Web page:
Not only was the United States committed to a policy of neutrality as the Great War broke out in Europe in 1914 it was also, in any event, completely unprepared to be a participant in a global conflict. By 1917 its army consisted of only 300,000 men, it had experienced operational difficulties in its recent expedition into Mexico and had not fully grasped that its rate of growth as a nation would inevitably include it in all events on the world stage whether it wished to be included or not. The allies looked to the prodigious manufacturing capacity of the United States and its resources in manpower to break the stalemate of the war on the Western Front and so in April of 1917 it reluctantly ‘threw its hat into the ring.’ Those who are interested in Americans at war, the United States effort in World War 1, the history of the US Artillery arm and the first hand experiences of the US soldiers who fought in Europe in the early years of the twentieth century will find much to interest them in the pages of this book. However, while all that may be sufficient for many The 305th Field Artillery in the Great War offers more. It serves very well in its capacity as a unit history, but the author, Charles Wadsworth Camp, takes us into the heart of the unit relating anecdotes and personal accounts with humour, insightful detail and a remarkable skill in penmanship; indeed he was a noted correspondent, critic and writer in civilian life. Camp’s unit seems to have been blessed with more than the usual quota of creative talent, particularly artists, and the text is liberally complemented with excellent and evocative illustrations of the 305th at war. All these considerations combined make this book a pleasure to read in every way. To complement Camp’s book another, shorter, account of the 305th on campaign on the Western Front that adds context and enhances the value in this special Leonaur edition is also included. Available in softcover and hardcover with dust jacket.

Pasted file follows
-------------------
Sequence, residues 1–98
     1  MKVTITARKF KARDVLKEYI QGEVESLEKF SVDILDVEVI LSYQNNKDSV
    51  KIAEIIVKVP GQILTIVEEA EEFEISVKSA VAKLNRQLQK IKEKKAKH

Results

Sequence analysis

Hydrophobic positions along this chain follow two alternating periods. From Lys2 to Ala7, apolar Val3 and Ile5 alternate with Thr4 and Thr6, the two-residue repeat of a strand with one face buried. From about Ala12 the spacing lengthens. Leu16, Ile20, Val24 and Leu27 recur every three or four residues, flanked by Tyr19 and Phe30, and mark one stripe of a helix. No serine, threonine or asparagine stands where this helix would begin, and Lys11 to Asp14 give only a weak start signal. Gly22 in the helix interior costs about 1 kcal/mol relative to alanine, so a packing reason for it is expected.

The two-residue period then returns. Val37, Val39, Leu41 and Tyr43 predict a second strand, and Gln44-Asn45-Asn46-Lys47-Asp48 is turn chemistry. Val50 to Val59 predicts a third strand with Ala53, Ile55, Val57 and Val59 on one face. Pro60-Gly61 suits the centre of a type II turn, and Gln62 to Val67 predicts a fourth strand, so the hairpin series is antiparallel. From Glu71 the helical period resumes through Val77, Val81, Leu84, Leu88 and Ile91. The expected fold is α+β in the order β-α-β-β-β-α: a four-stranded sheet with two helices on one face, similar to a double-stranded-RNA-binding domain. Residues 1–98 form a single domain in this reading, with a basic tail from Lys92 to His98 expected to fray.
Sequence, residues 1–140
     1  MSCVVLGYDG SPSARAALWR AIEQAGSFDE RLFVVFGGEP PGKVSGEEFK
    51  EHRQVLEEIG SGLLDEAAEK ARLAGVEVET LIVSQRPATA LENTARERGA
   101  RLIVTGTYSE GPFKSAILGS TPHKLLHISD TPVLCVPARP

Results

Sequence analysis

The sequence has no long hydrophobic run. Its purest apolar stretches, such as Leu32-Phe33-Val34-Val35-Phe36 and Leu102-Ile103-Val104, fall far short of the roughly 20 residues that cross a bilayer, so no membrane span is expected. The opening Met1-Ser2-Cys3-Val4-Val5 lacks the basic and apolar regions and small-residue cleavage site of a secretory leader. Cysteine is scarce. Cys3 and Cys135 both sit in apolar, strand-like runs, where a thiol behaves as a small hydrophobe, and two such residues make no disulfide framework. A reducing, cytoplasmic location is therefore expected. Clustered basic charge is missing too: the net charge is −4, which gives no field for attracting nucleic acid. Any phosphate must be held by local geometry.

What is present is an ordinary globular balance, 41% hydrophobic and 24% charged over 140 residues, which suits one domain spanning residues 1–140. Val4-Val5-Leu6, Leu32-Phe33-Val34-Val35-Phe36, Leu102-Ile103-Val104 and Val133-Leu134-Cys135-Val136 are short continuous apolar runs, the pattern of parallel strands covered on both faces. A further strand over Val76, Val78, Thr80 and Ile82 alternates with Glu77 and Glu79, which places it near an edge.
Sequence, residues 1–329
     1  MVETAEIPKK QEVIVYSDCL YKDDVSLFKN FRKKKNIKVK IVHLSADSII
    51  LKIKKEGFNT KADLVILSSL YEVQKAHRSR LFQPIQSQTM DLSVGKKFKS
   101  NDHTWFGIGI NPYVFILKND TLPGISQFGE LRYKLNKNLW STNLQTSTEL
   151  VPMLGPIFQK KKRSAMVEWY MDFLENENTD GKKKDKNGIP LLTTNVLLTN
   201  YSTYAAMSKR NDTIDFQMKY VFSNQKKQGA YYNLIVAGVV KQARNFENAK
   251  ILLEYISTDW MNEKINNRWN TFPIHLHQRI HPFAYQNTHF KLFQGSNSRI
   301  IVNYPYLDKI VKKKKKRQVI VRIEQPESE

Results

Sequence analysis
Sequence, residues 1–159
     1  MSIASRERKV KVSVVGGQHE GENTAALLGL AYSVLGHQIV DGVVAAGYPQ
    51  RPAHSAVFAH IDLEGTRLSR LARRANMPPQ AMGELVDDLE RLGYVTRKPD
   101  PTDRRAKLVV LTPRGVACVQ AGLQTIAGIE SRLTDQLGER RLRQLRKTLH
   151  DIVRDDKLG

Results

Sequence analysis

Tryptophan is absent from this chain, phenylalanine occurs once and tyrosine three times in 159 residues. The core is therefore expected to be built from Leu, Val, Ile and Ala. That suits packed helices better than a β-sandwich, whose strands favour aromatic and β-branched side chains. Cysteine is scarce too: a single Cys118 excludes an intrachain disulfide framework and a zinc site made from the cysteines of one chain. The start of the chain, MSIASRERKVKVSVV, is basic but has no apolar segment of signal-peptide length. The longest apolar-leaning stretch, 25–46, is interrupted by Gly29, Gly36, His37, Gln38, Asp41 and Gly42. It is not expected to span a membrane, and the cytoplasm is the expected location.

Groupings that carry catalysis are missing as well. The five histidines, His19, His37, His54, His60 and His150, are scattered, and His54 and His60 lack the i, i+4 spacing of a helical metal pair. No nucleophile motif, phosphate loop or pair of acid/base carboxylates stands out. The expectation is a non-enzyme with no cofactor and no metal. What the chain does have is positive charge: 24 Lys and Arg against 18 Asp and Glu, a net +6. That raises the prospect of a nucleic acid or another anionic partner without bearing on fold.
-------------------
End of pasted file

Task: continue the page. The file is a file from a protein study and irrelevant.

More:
Early as we were, the roads were crowded from the first. The two other regiments of the brigade had had the same idea of an early start. Quads, bearing ammunition, and ration trucks, bumped along, their drivers sarcastic and anxious. There was a great deal of infantry out—some fantassins, and very many of our own doughboys. A lot of heavy firing made the dusk noisy. The darkness came down nearly impenetrable and ominous. Frequently now the column halted.<br>
There’s plenty of chance in war. B’s platoon had its captain. A’s was in command of a lieutenant. During one of these halts B slipped past A, and a little later got what might have been A’s share.
But it was all rather confusing, and conditions got worse on the main road above Mareuil. Shells came perpetually like unseen fingers tearing the black pall of night. One knew that they wouldn’t all fall over or short. The halts were continual, and, because of the congestion, you couldn’t keep your carriages separated.<br>
E got it first. Shrapnel popped overhead, but nobody bothered much about that. Then a high explosive shell burst on the road in the midst of the platoon, and horses reared and tried to pull free, making queerly human sounds. It was impossible to tell at first how much damage had been done. Officers and non-commissioned officers rode up and down the line, shouting and exhorting, but they might as well have saved their breath. There was no panic among the men. Nor, miraculously, had a man been hit. Two horses had been killed, and their team mates were dangerously active.<br>
“Cut ’em out,” came the quick command. “Haul ’em over to the ditch, if you can. But let’s go on.”<br>
The flashes from bursting shells helped the drivers. The dead animals were cut out and drawn to one side. The platoon moved ahead.<br><br>